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Brazil’s Justice system could be the next Covid-19 victim

. Mar 26, 2020
justice system TJ-SP, São Paulo's highest state court. Photo: TJSP

Brazil is in its second week of social isolation due to the Covid-19 pandemic, so far recording 62 deaths and almost 2,500 infections. Some states have already put their citizens under quarantine and forecasts for the country’s economic future are bleak. The prospect of recession and widespread bankruptcy has led Brazil’s Justice system to fear a new problem on the horizon: a huge influx of administration pleas from business owners.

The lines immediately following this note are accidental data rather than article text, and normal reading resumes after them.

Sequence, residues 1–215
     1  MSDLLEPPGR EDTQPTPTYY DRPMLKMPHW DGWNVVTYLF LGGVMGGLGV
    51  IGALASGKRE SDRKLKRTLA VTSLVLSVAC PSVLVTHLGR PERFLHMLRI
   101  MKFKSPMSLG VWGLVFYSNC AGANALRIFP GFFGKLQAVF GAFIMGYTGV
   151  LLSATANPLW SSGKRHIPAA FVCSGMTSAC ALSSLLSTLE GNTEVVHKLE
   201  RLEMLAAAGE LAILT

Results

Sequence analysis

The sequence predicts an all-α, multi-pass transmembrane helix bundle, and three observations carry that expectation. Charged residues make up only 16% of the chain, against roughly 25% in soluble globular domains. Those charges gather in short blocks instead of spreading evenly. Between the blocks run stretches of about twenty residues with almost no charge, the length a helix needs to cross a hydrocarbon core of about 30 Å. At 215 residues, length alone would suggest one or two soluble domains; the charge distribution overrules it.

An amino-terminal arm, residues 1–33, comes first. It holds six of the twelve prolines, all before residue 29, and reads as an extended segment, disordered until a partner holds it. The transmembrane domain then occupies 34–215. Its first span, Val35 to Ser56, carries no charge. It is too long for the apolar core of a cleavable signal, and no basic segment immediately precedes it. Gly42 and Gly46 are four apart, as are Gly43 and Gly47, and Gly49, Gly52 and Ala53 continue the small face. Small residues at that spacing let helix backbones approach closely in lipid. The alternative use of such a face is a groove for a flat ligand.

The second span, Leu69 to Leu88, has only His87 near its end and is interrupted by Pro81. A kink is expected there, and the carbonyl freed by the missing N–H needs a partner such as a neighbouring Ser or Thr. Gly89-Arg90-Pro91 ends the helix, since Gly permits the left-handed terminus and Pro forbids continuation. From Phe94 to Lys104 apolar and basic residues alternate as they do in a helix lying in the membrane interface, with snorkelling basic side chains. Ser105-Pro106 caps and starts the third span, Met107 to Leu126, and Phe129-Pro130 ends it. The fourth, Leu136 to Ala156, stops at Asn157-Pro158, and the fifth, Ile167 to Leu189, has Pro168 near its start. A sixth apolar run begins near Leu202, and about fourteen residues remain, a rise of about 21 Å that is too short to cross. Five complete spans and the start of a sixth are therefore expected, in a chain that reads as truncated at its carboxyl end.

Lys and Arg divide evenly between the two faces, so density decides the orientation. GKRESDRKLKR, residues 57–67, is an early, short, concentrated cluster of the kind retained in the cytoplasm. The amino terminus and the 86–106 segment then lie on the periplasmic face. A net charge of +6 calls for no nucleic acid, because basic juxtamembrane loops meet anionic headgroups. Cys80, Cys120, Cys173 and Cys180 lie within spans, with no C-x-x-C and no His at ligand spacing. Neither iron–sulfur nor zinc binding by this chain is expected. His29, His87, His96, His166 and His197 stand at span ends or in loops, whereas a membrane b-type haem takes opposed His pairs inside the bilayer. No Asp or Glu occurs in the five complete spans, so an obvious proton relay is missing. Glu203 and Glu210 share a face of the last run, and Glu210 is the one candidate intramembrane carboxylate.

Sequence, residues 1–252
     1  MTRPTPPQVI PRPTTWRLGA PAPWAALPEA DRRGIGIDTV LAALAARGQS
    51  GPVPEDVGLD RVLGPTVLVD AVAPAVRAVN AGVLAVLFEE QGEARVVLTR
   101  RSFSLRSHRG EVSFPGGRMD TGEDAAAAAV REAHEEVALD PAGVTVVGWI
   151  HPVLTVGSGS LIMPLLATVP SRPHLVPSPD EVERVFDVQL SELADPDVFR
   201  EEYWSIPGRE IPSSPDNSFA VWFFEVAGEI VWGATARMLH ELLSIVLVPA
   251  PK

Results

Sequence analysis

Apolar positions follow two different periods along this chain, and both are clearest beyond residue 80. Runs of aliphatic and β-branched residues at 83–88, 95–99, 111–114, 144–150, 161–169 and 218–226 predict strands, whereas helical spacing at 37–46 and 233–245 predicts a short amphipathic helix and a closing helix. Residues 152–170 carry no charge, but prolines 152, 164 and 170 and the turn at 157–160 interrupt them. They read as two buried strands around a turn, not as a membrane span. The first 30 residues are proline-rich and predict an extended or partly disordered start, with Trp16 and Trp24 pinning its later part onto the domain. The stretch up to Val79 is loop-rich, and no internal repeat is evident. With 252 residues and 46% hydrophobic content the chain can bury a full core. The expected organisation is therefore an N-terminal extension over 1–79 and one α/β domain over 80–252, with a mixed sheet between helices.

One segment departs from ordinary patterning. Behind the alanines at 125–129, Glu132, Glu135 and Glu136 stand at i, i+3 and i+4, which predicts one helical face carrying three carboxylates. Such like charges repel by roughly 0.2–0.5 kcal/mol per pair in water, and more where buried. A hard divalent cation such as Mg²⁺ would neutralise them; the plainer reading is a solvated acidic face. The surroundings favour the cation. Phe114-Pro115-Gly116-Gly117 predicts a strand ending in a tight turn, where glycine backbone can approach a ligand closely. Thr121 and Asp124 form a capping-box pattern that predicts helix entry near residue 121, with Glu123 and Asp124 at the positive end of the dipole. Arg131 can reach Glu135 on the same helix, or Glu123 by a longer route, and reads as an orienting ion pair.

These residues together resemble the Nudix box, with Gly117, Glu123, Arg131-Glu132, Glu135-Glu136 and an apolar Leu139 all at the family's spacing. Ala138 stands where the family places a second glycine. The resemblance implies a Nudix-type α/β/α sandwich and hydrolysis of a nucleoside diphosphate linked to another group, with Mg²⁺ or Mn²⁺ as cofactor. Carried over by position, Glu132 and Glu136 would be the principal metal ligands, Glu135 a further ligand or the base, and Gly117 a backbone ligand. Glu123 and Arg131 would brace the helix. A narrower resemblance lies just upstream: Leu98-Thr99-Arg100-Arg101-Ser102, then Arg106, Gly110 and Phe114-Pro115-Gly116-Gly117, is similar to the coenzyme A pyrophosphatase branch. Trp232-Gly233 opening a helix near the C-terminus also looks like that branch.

Last year, requests for court-supervised reorganization fell 1.5 percent. This year, cases continued to decrease until March, but the Covid-19 pandemic and state-wide lockdowns are likely to cause requests to boom.

This alerted the